- KIRYAT ANAVIM
- KIRYAT ANAVIM (Heb. קִרְיַת עֲנָבִים; "Vineyard City"), kibbutz in the Judean Hills, 8 mi. (12 km.) W. of Jerusalem, affiliated with Iḥud ha-Kevuẓot ve-ha-Kibbutzim, founded in 1920 by Third Aliyah agricultural workers from Eastern Europe, who were later joined by immigrants from other countries. The initiative for founding a kibbutz at this spot came from akiva ettinger , who wished to work out methods for modern hill farming, land reclamation, and afforestation. As the Zionist institutions had insufficient means to aid the settlers, who in the initial years suffered severe hardships, they proposed transferring the kibbutz to a better site in the Jezreel Valley, but the settlers insisted on staying on until their hill farm would become established. The development of deciduous fruit orchards, vineyards, and dairy cattle made Kiryat Anavim an important supplier to the population of Jerusalem. In the israeli War of Independence (1948), the kibbutz defended a highly endangered position and served as a base for Operations Naḥshon and Makkabi – the first steps in opening the Jerusalem Corridor. In addition to field crops, the kibbutz operated factories manufacturing insulation and silicone products and ran a resort for which the woodland in the vicinity formed a suitable setting. Its population was 301 in 1968 and 314 in 2002. -WEBSITE: www.kiryatanavim.homestead.com . (Efraim Orni)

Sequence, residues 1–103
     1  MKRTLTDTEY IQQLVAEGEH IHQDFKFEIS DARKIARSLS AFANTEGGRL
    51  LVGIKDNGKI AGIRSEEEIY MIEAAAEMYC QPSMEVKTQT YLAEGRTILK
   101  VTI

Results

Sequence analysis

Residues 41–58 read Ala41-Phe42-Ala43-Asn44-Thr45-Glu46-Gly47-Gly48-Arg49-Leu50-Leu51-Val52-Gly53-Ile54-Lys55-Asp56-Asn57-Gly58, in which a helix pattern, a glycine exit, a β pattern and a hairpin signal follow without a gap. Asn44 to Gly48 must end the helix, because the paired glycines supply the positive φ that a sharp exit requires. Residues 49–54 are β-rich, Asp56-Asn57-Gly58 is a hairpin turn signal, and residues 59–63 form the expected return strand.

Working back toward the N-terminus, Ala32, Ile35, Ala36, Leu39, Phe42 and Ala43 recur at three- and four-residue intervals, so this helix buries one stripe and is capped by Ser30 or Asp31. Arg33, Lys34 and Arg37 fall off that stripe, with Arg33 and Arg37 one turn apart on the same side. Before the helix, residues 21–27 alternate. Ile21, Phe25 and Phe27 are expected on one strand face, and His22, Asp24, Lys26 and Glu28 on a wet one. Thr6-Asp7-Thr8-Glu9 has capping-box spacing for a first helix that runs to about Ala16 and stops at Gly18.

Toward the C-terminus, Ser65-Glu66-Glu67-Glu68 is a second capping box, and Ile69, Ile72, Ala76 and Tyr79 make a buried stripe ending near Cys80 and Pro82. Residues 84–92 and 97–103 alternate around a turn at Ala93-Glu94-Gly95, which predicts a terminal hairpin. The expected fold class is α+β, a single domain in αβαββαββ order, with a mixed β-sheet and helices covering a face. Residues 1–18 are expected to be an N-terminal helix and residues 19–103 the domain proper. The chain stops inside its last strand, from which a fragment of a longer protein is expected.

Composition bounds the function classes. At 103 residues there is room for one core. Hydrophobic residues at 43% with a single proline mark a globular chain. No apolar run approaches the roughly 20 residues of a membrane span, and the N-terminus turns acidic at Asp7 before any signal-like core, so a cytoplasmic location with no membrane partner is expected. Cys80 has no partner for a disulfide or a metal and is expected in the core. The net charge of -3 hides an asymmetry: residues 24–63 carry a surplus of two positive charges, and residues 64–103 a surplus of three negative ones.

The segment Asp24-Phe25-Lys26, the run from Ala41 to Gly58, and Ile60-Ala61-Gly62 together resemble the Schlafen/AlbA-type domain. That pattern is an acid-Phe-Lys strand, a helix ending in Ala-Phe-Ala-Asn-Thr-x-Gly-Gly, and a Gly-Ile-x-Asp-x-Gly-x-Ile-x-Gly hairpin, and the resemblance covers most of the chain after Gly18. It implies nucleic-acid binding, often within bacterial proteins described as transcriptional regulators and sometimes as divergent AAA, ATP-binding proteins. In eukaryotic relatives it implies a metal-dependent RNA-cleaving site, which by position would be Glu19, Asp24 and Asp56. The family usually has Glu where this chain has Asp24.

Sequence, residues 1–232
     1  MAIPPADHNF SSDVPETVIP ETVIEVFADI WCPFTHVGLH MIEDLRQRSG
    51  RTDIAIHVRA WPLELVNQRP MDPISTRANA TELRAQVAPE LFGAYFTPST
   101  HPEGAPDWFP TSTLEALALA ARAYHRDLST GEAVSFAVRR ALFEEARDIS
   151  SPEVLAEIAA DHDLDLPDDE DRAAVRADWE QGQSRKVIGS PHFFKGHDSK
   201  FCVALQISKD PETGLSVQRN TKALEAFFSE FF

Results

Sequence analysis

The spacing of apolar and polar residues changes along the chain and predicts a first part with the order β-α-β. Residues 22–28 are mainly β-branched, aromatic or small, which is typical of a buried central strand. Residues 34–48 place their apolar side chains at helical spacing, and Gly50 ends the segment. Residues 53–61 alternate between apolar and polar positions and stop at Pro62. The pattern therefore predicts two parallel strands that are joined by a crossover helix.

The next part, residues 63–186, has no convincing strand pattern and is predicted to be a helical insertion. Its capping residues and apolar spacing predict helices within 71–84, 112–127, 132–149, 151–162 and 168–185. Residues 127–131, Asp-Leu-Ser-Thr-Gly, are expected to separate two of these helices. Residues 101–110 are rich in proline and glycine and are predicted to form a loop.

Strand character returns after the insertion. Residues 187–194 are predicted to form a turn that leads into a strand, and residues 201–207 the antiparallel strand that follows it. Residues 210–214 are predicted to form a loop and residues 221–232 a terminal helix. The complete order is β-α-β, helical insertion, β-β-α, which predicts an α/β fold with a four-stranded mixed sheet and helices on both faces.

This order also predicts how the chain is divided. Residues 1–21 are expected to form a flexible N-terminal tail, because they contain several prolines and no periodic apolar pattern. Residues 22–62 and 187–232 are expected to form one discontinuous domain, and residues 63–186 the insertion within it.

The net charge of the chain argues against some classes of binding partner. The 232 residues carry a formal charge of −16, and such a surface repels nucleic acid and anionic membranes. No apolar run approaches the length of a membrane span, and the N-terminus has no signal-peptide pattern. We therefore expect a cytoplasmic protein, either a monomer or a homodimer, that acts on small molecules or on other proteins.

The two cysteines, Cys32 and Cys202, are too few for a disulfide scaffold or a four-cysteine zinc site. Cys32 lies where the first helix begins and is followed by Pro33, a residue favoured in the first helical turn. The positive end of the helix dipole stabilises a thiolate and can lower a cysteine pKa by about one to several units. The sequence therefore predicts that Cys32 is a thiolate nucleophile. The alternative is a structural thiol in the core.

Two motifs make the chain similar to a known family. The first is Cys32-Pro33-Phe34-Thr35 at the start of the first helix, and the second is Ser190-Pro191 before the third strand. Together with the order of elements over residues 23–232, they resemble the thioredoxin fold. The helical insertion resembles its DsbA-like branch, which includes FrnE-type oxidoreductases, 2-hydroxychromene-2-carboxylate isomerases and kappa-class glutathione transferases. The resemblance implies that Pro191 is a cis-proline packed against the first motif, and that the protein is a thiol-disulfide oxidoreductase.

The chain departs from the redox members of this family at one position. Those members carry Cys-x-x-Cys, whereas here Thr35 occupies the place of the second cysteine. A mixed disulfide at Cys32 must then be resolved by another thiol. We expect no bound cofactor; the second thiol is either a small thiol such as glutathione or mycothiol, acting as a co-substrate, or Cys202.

Encyclopedia Judaica. 1971.